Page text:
Do I Need a Beneficiary's Consent to Close a TOD Account?
The answer will depend on all the facts involved, such as whether the beneficiary also is an owner in the account or has a contract right to the proceeds in a separate agreement (such as a divorce decree) with one of the owners. For example, a trust document may specify notice to beneficiaries in certain circumstances. If your 403(b) plan is subject to ERISA, spousal consent may be required. In general, the account holder has a right to close accounts without notifying non-owner beneficiaries named on the account. For example, in a TOD account like an insurance policy or annuity may typically be closed by a sole owner without the named beneficiary's consent if the beneficiary was named solely out of love and affection.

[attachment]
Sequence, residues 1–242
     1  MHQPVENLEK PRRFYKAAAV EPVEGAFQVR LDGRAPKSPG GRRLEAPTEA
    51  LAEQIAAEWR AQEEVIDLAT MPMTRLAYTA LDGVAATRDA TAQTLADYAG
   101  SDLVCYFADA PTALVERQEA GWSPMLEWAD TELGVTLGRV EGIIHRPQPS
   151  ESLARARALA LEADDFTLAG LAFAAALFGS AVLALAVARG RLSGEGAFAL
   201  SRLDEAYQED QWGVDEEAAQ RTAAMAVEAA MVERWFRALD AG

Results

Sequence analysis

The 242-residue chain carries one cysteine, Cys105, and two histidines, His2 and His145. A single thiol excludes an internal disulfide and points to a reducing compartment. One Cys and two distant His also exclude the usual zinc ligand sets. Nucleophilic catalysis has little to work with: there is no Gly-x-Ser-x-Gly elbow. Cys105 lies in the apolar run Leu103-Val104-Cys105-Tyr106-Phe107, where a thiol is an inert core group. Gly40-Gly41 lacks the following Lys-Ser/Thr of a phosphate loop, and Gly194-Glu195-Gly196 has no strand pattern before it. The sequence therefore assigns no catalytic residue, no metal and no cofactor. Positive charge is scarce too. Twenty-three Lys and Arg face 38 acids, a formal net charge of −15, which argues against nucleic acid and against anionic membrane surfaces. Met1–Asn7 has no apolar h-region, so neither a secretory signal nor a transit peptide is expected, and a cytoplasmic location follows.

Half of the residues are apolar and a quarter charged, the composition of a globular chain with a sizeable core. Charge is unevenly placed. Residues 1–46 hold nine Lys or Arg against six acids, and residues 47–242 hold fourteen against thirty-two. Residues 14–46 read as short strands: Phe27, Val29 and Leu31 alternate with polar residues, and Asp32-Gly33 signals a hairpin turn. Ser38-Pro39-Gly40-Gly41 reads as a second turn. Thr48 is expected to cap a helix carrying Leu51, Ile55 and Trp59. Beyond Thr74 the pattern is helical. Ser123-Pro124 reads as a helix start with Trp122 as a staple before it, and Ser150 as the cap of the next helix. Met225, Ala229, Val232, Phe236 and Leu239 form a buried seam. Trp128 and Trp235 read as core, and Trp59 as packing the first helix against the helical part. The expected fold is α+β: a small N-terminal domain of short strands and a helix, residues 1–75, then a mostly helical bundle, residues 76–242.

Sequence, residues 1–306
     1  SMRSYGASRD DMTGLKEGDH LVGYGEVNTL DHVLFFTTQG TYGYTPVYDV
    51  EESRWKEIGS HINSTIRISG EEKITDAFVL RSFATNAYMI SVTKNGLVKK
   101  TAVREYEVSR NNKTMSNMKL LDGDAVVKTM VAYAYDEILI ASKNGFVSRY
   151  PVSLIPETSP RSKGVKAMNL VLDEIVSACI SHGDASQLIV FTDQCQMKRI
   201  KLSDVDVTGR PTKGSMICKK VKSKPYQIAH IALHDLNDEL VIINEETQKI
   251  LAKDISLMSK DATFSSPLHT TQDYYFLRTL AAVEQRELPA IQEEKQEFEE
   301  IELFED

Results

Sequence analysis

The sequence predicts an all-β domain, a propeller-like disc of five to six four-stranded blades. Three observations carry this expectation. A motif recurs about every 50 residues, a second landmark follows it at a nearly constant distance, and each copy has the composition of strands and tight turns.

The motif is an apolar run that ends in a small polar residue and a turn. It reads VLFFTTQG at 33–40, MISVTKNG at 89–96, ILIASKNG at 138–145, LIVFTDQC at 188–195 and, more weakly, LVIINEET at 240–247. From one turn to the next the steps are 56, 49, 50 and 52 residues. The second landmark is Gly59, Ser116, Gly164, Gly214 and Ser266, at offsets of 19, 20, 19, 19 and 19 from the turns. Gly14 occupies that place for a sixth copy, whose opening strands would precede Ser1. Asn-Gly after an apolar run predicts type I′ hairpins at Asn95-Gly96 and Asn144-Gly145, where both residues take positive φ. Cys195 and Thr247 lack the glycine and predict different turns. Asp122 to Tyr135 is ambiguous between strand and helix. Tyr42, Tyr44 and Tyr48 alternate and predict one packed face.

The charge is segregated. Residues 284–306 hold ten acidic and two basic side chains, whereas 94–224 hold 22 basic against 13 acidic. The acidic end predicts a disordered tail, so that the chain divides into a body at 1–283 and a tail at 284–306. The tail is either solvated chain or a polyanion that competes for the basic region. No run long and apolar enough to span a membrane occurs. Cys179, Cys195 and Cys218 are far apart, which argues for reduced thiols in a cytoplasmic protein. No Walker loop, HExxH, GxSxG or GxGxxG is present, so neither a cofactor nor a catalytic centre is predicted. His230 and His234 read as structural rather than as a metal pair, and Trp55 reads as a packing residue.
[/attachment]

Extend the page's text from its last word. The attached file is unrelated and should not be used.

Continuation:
Community or marital property state laws may require spousal consent for a nonspouse beneficiary designation. The laws of the state in which the financial organization is domiciled, the IRA owner resides, the trust is located, the spouse resides, or this transaction is consummated should be reviewed to determine if such a requirement exists. Spousal consent for the beneficiary designation may also be required by financial organization policy.
For further discussion, please see: